From the output of `dir()`

on a PyTorch tensor, you discovered a member named `numpy`

, and by calling that perform, it appears to transform a tensor right into a NumPy array. You could be fairly assured about that since you see the numbers match and the form matches. The truth is, you could be extra assured by wanting on the documentation:

>>> assist(torch_states[“0.weight”].numpy) |

The `assist()`

perform will present you the docstring of a perform, which often is its documentation.

Since that is the kernel of the primary convolution layer, by evaluating the form of this kernel to that of the Keras mannequin, you possibly can observe their shapes are totally different:

>>> keras_weights = keras_model.get_weights() >>> keras_weights[0].form (5, 5, 1, 6) |

Know that the enter to the primary layer is a 28×28×1 picture array whereas the output is 6 characteristic maps. It’s pure to correspond the 1 and 6 within the kernel form to be the variety of channels within the enter and output. Additionally, from our understanding of the mechanism of a convolutional layer, the kernel must be a 5×5 matrix.

At this level, you most likely guessed that within the PyTorch convolutional layer, the kernel is represented as (output × enter × peak × width), whereas in Keras, it’s represented as (peak × width × enter × output).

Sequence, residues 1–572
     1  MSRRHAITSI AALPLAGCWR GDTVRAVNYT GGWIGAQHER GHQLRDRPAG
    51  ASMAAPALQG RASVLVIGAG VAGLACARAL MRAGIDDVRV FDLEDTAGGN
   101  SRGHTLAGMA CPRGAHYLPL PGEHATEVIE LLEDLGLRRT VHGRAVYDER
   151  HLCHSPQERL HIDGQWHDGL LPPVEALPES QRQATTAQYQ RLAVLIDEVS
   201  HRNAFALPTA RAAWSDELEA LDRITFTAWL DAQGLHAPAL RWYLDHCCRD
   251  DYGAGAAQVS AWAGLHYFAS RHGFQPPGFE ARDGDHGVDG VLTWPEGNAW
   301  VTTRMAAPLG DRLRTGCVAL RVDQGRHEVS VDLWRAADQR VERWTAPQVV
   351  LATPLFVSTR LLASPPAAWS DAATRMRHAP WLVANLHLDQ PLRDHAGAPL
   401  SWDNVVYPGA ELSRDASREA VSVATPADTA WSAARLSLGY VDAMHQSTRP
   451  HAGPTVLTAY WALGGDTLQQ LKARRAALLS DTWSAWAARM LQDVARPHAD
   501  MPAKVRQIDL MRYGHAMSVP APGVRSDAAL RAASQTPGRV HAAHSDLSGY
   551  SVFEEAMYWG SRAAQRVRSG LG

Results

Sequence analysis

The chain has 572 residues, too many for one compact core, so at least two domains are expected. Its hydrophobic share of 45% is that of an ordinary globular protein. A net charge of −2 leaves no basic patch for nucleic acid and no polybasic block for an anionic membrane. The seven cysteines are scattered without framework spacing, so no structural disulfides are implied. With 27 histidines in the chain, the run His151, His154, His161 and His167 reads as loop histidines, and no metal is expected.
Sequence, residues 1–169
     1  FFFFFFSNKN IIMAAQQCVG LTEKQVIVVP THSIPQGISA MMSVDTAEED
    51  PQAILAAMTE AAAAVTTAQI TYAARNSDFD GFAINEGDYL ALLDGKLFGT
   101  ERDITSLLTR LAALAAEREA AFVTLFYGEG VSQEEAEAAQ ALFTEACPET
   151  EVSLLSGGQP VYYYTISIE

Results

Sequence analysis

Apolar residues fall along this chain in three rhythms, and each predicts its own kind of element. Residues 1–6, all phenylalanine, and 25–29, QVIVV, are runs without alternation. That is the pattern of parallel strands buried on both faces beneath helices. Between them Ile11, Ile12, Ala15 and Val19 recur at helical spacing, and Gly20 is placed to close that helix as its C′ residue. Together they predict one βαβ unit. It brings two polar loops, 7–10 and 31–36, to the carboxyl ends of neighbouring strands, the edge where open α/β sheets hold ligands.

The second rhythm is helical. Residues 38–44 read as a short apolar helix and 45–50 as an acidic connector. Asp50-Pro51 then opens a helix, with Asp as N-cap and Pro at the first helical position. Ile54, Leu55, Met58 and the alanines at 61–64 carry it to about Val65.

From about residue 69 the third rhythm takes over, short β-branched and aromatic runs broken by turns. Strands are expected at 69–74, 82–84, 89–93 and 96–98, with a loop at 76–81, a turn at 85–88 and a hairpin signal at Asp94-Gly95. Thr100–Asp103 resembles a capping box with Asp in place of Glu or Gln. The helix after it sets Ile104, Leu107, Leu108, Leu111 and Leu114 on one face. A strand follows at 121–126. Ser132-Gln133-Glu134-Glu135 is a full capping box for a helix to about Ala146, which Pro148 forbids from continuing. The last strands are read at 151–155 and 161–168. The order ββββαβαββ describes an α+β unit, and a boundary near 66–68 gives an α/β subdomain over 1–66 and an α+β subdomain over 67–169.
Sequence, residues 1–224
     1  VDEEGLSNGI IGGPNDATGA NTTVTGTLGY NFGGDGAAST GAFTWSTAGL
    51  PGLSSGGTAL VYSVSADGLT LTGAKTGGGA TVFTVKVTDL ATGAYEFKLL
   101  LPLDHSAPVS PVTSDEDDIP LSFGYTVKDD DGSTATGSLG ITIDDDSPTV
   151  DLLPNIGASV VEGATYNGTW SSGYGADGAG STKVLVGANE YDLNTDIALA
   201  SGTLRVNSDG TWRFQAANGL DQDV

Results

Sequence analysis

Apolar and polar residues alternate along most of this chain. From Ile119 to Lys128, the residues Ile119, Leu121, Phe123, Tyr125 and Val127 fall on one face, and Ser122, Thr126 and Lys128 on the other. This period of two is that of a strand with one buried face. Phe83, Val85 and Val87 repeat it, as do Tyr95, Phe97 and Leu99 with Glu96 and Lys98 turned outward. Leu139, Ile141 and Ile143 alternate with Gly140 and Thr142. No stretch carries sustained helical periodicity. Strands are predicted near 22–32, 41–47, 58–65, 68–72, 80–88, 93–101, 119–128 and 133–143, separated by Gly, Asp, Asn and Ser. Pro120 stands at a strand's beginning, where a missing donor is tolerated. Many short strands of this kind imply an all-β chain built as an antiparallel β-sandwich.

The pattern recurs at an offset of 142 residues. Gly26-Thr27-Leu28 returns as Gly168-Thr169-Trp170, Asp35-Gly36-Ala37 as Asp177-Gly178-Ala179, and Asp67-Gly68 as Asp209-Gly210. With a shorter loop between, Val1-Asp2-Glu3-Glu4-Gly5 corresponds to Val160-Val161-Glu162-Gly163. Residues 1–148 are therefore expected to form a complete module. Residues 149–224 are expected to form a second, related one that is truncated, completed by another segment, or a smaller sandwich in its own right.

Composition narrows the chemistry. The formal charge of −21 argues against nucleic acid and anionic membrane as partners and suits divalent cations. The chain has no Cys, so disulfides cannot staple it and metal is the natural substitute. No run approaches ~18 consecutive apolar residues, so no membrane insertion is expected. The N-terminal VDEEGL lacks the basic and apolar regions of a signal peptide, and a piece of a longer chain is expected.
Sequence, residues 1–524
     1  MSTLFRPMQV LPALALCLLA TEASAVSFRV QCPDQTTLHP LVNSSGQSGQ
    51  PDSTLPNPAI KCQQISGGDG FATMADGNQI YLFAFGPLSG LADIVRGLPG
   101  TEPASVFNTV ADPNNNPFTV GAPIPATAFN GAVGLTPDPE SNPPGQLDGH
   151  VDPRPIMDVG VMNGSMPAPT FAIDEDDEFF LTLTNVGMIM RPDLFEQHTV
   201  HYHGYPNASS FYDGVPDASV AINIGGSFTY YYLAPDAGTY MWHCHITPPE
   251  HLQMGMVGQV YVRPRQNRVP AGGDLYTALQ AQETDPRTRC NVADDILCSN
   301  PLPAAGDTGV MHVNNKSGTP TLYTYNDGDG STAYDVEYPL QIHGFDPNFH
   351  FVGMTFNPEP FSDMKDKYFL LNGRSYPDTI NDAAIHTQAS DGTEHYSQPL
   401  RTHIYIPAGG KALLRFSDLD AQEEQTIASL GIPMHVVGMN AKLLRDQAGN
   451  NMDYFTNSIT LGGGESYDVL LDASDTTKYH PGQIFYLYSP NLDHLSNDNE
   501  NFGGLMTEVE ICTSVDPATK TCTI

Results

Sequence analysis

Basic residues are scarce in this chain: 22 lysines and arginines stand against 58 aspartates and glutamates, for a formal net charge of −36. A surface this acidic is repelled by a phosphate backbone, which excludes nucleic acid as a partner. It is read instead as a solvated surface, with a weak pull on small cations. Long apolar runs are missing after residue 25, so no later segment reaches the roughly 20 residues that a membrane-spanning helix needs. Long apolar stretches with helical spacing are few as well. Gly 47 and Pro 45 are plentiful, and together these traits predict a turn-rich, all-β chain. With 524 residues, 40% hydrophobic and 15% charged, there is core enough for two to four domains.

Equally, you additionally see within the fully-connected layers that PyTorch presents the kernel as (output × enter) whereas Keras is in (enter × output):

>>> keras_weights[6].form (120, 84) >>> checklist(torch_states.values())[6].form torch.Measurement([84, 120]) |

Matching the weights and tensors and displaying their shapes facet by facet ought to make these clearer:

>>> for okay,t in zip(keras_weights, torch_states.values()): … print(f”Keras: {okay.form}, Torch: {t.form}”) … Keras: (5, 5, 1, 6), Torch: torch.Measurement([6, 1, 5, 5]) Keras: (6,), Torch: torch.Measurement([6]) Keras: (5, 5, 6, 16), Torch: torch.Measurement([16, 6, 5, 5]) Keras: (16,), Torch: torch.Measurement([16]) Keras: (5, 5, 16, 120), Torch: torch.Measurement([120, 16, 5, 5]) Keras: (120,), Torch: torch.Measurement([120]) Keras: (120, 84), Torch: torch.Measurement([84, 120]) Keras: (84,), Torch: torch.Measurement([84]) Keras: (84, 10), Torch: torch.Measurement([10, 84]) Keras: (10,), Torch: torch.Measurement([10]) |

And we will additionally match the identify of the Keras weights and PyTorch tensors:

>>> for okay, t in zip(keras_model.weights, torch_states.keys()): … print(f”Keras: {okay.identify}, Torch: {t}”) … Keras: conv2d/kernel:0, Torch: 0.weight Keras: conv2d/bias:0, Torch: 0.bias Keras: conv2d_1/kernel:0, Torch: 3.weight Keras: conv2d_1/bias:0, Torch: 3.bias Keras: conv2d_2/kernel:0, Torch: 6.weight Keras: conv2d_2/bias:0, Torch: 6.bias Keras: dense/kernel:0, Torch: 9.weight Keras: dense/bias:0, Torch: 9.bias Keras: dense_1/kernel:0, Torch: 11.weight Keras: dense_1/bias:0, Torch: 11.bias |